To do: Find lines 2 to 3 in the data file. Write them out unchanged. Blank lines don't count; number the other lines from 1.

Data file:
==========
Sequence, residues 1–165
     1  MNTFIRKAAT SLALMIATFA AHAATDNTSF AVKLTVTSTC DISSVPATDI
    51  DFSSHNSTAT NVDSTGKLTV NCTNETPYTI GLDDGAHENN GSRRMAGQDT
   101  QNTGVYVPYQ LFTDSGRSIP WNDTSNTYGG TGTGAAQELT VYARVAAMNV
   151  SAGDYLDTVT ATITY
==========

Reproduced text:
     1  MNTFIRKAAT SLALMIATFA AHAATDNTSF AVKLTVTSTC DISSVPATDI
    51  DFSSHNSTAT NVDSTGKLTV NCTNETPYTI GLDDGAHENN GSRRMAGQDT